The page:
This language is currently being offered via videoconference from Columbia University. students will receive full Cornell credit for the course. It may be taken for the arts college language requirement.
The videoconference classes are held in a specially equipped room in Noyes Lodge. The teacher is present and interactively available thorugh the class period. Columbia students simultaneously attend. The environment is very much like a regular face-to-face class.
The Tamil Language
The Tamil language is the language of the Tamil people of India. It is estimated to have over 70 million speakers world wide. It is one of the two Classical Languages of India - the other being Sanskrit - and has official status in Sri Lanka and Singapore. There are also significant speaking populations in Malaysia, parts of Africa, Fiji, the West Indies, and Mauritius and Reunion Islands.
With over two thousand years of history behind it, the Tamil language has one of the longest unbroken literary traditions known today.
Cornell Area Program Affiliation: South Asia Program
The South Asia Program coordinates teaching, research, and campus activities focusing on the Indian subcontinent, which comprises the modern nations of Bangladesh, India, Nepal, Pakistan, and Sri Lanka. Since 1985, Cornell has been in consortium with Syracuse University as a National Resource Center for South Asia. The Program attracts students engaged in regional history and the social sciences, and students are well known for their research on questions concerning the environment, rural inequality and agrarian change, labor market dynamics, economic liberalization, social movements and questions of governance. Through a weekly seminar series, yearly workshops and cultural events, students, faculty and invited speakers exchange ideas, research experiences and on-going research.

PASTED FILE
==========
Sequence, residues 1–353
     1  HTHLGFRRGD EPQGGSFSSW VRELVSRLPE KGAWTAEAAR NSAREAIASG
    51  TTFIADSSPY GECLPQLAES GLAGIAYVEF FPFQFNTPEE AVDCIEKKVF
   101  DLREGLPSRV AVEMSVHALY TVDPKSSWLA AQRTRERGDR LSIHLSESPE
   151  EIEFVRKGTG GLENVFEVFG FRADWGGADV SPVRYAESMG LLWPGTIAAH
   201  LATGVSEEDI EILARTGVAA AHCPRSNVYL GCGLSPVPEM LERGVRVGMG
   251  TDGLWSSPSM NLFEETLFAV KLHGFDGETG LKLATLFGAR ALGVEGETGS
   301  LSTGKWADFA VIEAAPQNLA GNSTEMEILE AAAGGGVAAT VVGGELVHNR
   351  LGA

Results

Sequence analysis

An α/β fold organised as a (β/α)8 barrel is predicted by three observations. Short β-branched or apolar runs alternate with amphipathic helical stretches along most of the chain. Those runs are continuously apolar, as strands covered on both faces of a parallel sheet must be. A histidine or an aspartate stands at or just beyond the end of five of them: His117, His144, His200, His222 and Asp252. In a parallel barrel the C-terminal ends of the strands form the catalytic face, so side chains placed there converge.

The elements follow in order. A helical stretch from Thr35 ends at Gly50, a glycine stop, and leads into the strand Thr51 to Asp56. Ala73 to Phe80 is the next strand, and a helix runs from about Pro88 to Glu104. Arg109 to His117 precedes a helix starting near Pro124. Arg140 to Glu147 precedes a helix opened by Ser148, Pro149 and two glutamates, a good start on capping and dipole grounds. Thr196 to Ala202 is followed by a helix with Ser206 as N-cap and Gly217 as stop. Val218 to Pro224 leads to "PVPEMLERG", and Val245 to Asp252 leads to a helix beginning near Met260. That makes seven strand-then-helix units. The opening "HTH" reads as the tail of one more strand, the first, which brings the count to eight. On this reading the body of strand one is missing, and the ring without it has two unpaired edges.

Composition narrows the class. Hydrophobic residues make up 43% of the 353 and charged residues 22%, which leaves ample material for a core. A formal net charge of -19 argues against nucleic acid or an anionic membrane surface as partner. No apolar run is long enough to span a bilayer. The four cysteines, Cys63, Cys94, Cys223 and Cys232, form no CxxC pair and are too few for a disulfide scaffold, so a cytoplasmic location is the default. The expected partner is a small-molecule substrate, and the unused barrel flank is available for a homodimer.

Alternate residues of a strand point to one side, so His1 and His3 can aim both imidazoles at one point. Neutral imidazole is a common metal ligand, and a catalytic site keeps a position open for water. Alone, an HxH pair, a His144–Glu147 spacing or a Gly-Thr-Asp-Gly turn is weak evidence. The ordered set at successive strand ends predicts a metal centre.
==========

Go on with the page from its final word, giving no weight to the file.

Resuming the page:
DescriptionMr. Sudanandha is an instructor at Columbia University since the course is being taught from there.
The Tamil program is part of the Shared Course Initiative among Cornell, Yale and Columbia. This program arranges for students at each university to attend classes of the other in certain less commonly taught languages via videoconference. There are regular meetings with the whole class; Cornell students meet in a special facility in Noyes Lodge, the Language Resource Center. For specific information, click on the Courses tab.